Featured Research

from universities, journals, and other organizations

Recommendation for use of heart failure treatment formulated

Date:
March 19, 2010
Source:
University of Rochester Medical Center
Summary:
The FDA's Circulatory System Devices Panel recommended that the cardiac resynchronization therapy defibrillator (CRT--D), developed by Boston Scientific, be approved for use in patients with mild heart failure in the United States. If the device is approved by the FDA, nearly 4 million more Americans could be candidates for treatment with the CRT-D.

Cardiac resynchronization therapy defibrillator.
Credit: Image courtesy of University of Rochester Medical Center

A new therapy that reduces the risk of mortality and heart failure in patients with mild cardiac disease received a thumb's up this week from an advisory panel to the U.S. Food and Drug Administration. The panel recommended that the cardiac resynchronization therapy defibrillator (CRT-D), tested extensively nationwide under the leadership of cardiologist Arthur Moss, M.D., professor of Medicine at the University of Rochester Medical Center, be approved for use in patients with mild heart failure in the United States.

Related Articles


The device under review was developed by Boston Scientific and is already approved to treat patients with severe heart failure. With device approval by the FDA, nearly 4 million more Americans could be candidates for treatment with the CRT-D. The recommendations by its panels are often, but not always, followed by the FDA.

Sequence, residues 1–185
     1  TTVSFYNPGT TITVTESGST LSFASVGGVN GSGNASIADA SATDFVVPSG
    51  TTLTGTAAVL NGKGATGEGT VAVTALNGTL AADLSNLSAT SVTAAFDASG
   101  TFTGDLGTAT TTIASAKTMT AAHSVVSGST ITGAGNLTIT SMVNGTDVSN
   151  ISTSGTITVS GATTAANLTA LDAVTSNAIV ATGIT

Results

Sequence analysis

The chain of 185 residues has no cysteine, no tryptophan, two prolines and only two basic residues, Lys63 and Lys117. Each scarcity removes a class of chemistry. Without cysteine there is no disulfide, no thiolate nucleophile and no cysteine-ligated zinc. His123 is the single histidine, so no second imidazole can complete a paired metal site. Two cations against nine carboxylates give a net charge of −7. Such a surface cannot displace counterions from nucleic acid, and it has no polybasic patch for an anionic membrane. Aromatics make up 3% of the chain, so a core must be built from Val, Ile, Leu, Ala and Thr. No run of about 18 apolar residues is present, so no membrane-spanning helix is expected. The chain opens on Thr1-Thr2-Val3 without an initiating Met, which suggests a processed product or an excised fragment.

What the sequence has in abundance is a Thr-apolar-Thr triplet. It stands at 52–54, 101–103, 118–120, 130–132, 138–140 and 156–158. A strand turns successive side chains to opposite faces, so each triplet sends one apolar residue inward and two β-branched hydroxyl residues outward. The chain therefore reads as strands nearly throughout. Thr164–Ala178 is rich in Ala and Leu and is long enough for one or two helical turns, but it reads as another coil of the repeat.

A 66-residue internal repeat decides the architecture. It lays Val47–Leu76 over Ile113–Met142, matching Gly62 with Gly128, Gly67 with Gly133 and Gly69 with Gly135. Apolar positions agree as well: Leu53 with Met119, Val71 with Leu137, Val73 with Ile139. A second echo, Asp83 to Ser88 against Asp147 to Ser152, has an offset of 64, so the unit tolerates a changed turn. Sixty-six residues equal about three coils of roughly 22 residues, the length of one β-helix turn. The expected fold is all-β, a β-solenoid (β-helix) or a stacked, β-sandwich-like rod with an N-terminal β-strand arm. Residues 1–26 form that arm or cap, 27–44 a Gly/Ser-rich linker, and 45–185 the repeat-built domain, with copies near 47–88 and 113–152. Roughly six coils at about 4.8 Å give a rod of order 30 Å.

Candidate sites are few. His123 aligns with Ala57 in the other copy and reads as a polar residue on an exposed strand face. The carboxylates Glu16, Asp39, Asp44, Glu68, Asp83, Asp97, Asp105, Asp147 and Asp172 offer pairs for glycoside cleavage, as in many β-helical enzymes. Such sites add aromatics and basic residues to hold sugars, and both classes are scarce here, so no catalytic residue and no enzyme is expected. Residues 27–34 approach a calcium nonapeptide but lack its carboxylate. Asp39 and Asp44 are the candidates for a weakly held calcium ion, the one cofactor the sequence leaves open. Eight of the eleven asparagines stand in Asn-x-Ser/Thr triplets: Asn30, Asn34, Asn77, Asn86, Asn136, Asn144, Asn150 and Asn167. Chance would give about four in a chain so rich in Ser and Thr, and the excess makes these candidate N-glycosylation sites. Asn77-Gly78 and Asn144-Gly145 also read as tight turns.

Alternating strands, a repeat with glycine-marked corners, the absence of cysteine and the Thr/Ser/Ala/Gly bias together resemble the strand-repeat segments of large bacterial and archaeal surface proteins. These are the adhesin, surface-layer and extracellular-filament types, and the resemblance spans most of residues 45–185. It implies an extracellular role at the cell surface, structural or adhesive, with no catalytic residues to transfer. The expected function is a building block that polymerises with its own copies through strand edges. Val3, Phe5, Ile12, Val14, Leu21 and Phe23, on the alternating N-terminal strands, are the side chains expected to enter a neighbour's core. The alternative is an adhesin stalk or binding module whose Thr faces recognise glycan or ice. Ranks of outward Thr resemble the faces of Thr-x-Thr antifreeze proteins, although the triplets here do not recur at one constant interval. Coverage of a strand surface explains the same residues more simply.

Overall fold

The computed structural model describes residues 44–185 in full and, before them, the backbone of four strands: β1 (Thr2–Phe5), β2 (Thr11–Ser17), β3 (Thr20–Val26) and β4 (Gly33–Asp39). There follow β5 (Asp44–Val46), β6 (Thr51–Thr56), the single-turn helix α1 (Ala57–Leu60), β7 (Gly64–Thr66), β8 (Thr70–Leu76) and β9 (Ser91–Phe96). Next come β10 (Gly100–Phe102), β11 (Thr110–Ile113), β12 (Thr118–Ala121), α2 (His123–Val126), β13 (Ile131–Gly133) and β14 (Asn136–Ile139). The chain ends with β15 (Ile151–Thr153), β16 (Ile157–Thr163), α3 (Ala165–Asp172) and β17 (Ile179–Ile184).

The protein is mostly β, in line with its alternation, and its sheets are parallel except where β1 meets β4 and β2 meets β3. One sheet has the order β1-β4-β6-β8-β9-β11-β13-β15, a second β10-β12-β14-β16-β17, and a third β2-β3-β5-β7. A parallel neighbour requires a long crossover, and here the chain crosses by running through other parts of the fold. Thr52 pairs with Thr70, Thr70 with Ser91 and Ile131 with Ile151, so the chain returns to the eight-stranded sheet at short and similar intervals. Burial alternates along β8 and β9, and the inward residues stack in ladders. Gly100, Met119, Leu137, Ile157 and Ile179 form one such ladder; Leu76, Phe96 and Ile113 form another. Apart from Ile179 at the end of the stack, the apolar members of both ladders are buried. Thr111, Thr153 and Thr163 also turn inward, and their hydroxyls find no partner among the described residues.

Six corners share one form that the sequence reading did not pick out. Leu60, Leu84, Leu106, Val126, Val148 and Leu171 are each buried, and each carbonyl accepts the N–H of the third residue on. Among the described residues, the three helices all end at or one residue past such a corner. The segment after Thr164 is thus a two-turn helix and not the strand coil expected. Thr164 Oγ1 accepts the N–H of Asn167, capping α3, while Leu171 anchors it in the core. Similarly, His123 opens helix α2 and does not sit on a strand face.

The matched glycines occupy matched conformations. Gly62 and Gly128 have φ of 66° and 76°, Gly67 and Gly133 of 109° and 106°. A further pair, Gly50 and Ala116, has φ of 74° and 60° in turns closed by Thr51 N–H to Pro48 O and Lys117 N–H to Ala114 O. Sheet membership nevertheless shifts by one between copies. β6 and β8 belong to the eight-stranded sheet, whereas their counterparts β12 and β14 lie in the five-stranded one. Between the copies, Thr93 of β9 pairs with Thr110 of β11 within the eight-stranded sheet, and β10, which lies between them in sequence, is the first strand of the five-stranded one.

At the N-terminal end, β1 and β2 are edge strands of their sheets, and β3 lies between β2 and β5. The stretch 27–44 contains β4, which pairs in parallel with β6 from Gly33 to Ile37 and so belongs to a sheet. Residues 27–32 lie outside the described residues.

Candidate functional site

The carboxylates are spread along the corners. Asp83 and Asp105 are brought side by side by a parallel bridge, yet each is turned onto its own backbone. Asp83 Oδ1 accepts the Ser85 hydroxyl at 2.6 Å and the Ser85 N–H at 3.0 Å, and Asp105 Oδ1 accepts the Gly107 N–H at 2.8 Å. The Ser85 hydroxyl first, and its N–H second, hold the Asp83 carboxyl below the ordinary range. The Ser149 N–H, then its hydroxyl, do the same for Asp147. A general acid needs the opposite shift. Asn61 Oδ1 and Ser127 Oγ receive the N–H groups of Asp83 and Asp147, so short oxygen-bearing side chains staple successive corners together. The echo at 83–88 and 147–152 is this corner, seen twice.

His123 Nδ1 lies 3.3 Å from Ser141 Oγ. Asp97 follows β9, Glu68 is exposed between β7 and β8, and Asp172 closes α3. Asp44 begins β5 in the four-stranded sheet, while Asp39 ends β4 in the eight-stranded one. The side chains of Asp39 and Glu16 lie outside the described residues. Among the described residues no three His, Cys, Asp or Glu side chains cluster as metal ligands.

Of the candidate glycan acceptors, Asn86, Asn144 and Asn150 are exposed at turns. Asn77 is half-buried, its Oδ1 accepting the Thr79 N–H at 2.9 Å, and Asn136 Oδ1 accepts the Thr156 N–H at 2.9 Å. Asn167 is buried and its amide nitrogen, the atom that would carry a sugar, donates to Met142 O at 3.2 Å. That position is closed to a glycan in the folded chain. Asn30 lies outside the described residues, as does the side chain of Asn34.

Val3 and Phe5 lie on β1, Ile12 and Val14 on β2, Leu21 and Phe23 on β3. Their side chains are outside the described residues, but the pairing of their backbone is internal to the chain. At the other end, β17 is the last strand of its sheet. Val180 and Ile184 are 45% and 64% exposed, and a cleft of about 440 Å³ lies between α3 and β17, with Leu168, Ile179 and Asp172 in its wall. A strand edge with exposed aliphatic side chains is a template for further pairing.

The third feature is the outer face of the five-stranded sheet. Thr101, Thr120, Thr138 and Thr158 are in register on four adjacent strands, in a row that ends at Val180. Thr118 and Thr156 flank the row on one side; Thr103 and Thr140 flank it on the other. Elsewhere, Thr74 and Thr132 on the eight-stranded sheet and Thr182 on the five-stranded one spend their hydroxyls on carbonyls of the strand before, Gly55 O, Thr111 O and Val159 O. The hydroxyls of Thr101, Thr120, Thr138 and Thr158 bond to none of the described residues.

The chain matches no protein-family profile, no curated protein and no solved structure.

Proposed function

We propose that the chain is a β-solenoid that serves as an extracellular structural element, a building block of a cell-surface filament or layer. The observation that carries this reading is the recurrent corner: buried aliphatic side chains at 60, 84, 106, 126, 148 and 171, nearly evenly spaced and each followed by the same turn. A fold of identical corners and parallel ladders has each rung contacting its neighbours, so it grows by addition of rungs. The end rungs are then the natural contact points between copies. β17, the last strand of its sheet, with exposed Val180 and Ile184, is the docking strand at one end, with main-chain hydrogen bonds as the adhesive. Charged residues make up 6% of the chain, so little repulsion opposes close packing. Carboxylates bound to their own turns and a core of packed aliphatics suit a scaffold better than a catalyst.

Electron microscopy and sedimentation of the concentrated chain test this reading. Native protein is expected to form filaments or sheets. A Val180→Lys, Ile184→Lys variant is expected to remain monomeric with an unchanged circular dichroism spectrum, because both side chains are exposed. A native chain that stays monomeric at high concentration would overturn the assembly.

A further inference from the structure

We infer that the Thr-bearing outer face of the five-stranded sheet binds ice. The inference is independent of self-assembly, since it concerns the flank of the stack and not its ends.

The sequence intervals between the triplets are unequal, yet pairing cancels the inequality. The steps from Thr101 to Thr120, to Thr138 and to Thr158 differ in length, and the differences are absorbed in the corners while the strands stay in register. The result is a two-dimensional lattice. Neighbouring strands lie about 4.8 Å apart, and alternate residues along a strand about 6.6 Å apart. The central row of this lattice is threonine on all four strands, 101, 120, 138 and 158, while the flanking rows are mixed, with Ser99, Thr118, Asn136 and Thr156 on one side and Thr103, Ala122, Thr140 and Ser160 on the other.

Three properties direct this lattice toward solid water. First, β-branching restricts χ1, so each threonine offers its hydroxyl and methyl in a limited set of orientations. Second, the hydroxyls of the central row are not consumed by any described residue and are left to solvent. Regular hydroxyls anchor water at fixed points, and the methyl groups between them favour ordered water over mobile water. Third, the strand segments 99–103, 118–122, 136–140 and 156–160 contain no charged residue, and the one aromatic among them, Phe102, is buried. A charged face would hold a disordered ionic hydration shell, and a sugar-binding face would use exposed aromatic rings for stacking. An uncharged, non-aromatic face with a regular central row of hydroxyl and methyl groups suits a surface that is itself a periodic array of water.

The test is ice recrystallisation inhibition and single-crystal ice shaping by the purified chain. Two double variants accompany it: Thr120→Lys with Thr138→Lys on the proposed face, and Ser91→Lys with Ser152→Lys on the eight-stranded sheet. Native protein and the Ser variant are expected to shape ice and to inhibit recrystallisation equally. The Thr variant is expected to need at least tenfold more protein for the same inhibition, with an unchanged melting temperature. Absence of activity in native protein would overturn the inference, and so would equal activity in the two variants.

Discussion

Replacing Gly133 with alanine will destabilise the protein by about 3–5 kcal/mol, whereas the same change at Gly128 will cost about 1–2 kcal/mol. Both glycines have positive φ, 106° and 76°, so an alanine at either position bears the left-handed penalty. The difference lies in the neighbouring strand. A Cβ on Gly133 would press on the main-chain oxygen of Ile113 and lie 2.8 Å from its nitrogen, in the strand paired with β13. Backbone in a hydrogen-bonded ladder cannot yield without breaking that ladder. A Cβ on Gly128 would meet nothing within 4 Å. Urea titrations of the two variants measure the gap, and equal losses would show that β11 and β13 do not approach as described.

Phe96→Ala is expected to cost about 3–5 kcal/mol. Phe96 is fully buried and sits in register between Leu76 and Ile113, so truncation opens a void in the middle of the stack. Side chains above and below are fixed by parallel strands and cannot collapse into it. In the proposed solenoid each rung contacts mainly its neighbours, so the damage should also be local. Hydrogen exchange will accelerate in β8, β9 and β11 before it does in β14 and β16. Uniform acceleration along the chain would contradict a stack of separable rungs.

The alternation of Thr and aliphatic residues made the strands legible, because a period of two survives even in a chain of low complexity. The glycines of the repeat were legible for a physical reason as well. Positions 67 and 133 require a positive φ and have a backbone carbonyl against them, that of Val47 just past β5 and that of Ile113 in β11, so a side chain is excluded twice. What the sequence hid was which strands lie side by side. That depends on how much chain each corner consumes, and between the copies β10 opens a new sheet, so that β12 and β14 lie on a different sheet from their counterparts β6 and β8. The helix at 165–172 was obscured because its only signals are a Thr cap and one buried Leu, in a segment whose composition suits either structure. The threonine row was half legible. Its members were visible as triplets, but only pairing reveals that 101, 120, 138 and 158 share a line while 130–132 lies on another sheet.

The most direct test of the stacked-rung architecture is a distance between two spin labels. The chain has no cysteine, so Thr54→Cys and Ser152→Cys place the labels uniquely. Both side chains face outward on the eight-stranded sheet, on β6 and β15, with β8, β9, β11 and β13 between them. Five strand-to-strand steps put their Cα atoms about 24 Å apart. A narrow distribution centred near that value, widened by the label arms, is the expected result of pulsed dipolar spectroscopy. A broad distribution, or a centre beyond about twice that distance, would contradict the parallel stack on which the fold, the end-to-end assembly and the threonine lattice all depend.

In the major study which tested the device -- the MADIT-CRT trial -- patients who had a cardiac resynchronization device combined with a defibrillator (CRT-D) implanted had a 34 percent reduction in their risk of death or heart failure compared to patients receiving only an implantable cardioverter defibrillator (ICD). Heart failure alone was reduced by 41 percent in all patients, with a remarkable 63 percent reduction of heart failure in women. The study results were published last year in the New England Journal of Medicine.

This week, Moss presented clinical data from the MADIT-CRT study at a meeting of the FDA's Circulatory System Devices panel showing that the combination of an implanted cardiac defibrillator, which detects irregular and potentially fatal heart rhythms and shocks the heart back into a normal rhythm, with cardiac resynchronization therapy, which improves the mechanical pumping action of the heart, provides preventive benefit to patients with more mild cardiac disease.